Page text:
Harvard Educational Review
  1. Summer 2009 Issue »

    Youth Voices

    Hope for Education Reform

    Kyle Glavey-Weiss
    8th grade, MS 245 The Computer School, New York, New York

    For a long time American schools have fallen behind. For too long our education has been stressed and ineffective. Our education system in America is at rock bottom. Without proper education, there is no advance in knowledge.  Without advance in knowledge, there is no evolution in society. Without evolution
    in society, there is no hope of solutions. Without hope for solutions, the human race is bound to be compromised.

    Our country is in a dire situation. At this moment of extreme stress and conflicts, the economy, climate change, and wars, our education has plummeted. This plummet in knowledge has triggered most of these conflicts. Our country is in need of reform.

    Reform needs to start at the beginning stages. Like an epidemic, the problem needs to be halted at the source. We need to start reform from the earliest education of preschool, to the highest education of master’s and PhDs, and everything in the middle. There is a key correlation between conflicts in the world and the downhill slope of education. The black diamond of education needs to be replaced by the lift of intellect. For the past decade, I have seen no hope. For once in a long time, I see a sparkle of it on the horizon.

    Our school and education system needs to be scratched and started over. Instead of punishing the low-performing schools, we need to support them. Instead of constantly testing students and putting their whole education on multiple choice answers, we need to have the students and teachers ensconced in the art of learning. For the past eight years we have been under siege from NCLB. The No Child Left Behind program was good in intentions but did not work. Now, the reform of America’s education has started with a single election.

    The election of President Barack Obama is a huge success. He has not only promised the reform of education, but has explained in detail how he would accomplish his goals. Obama (2008) said once, “We need real commitment to education; instead we got NCLB.” We now have that real commitment.

    I am in the eighth grade and have taken countless standardized tests. I have grown up around them and all I’ve learned was the process of elimination. I can now use that skill to find the answer to education reform. Choice A: Stick with NCLB and take standardized test classes instead of real learning. Choice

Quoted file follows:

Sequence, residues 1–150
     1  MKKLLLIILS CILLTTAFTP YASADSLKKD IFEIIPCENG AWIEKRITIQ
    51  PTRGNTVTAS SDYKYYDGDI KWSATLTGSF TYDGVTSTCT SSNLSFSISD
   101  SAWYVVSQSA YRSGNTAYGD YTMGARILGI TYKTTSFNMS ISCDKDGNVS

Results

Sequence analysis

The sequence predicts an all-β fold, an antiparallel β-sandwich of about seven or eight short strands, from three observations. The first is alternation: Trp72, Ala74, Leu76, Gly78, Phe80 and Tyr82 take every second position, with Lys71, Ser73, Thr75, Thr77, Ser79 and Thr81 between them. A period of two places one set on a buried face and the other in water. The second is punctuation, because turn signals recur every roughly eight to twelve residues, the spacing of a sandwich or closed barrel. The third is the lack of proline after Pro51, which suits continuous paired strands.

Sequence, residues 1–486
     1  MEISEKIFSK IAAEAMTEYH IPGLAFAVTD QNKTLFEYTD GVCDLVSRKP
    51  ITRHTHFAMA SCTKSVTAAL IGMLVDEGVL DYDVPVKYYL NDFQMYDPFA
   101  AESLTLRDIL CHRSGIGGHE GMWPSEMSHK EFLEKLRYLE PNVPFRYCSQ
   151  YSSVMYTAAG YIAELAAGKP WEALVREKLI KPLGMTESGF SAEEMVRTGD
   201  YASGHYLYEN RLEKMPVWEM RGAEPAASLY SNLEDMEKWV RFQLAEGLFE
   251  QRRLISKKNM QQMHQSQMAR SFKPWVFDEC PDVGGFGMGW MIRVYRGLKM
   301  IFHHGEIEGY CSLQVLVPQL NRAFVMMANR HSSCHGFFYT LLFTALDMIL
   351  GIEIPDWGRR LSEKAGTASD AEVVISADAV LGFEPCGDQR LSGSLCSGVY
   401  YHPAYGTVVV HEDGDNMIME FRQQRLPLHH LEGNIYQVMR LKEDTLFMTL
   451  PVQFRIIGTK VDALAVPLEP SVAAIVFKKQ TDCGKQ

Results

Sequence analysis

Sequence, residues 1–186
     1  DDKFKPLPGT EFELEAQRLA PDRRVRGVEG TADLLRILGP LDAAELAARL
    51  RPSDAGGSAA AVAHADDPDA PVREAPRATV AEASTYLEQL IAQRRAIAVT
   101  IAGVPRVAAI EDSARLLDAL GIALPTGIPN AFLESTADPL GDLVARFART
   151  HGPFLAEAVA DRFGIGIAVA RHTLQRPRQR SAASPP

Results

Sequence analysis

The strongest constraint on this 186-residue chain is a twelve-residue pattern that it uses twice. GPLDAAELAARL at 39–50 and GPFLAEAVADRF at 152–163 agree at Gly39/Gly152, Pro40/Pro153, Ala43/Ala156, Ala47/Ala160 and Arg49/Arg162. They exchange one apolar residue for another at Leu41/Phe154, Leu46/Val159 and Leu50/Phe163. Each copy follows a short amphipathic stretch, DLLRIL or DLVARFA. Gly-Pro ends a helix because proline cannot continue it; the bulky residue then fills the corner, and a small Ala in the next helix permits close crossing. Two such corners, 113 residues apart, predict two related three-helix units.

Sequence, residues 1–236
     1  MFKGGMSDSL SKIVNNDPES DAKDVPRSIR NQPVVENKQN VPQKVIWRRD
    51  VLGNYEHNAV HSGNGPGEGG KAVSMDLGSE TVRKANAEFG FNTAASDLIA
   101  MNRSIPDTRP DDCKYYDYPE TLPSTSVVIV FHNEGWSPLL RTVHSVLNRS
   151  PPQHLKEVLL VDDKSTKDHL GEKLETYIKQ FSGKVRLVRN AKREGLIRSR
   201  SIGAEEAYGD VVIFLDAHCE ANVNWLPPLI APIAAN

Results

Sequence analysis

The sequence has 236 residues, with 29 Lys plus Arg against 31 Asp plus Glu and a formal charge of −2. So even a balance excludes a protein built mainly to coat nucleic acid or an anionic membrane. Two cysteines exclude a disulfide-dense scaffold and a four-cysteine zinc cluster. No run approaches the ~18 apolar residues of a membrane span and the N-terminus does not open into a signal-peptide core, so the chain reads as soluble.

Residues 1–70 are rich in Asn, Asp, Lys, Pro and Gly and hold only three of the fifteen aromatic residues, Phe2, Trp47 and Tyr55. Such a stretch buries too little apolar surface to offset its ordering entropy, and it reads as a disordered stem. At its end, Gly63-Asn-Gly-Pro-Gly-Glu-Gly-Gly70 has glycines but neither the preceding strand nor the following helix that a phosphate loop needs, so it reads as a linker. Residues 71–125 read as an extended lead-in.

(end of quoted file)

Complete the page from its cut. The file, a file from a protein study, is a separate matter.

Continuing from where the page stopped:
B: Elect McCain and most likely stick with the same failed policies. Choice C: Elect a real leader of reform and change.

    Let’s use the process of elimination. Choice A is eliminated because we have been there and done that, and it doesn’t work. Choice B: the same failed politics has a keyword—failed politics. That leaves us with the last choice: Choice C.

    Now that we have narrowed down that right answer, let’s fill in the bubble. It needs to be filled in completely with a number-two pencil. Barack Obama is that pencil and the precision of his actions is the bubble filled in completely. We cannot sidetrack or miss a spot. We need to be thorough. We finally have
    our answer and now let’s start filling in the bubble.
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    Summer 2009 Issue

    Abstracts

    Editors’ Introduction
    Note to Educators
    Hope Required When Growing Roses in Concrete
    Jeffrey M. R. Duncan-Andrade
    A Dialogue
    Our Selves, Our Students, and Obama
    Jennifer McLaughlin and Kim Kelly
    President Obama and Education
    The Possibility for Dramatic Improvements in Teaching and Learning
    Linda Darling-Hammond
    Promise and Peril
    Charter Schools, Urban School Reform, and the Obama Administration
    Charles Payne and Tim Knowles
    Reclaiming Our Freedom to Teach
    Education Reform in the Obama Era
    Megan Behrent
    Obama’s Dilemma
    Postpartisan Politics and the Crisis of American Education
    Henry A. Giroux
    Second-Class Integration
    A Historical Perspective for a Contemporary Agenda
    Vanessa Siddle Walker
    Equity and Empathy
    Toward Racial and Educational Achievement in the Obama Era
    Prudence L. Carter
    It Wasn’t Easy to Get Here
    Kathleen Mayse
    Obama, Where Art Thou?
    Hoping for Change in U.S. Education Policy
    Wayne Au
    Praise Song for Teachers
    A Call to Action
    Ariane White
    Educating Latino Immigrant Students in the Twenty-First Century
    Principles for the Obama Administration
    Carola Suárez-Orozco and Marcelo Suárez-Orozco
    Education for Everyday People
    Obstacles and Opportunities Facing the Obama Administration
    Gloria Ladson-Billings
    An Insurrectionary Generation
    Young People, Poverty, Education, and Obama
    Jay Gillen
    An Earned Insurgency
    Quality Education as a Constitutional Right
    Robert P. Moses
    Barack Obama and the Fight for Public Education
    William Ayers
    Coda: The Slow Fuse of Change
    Obama, the Schools, Imagination, and Convergence
    Maxine Greene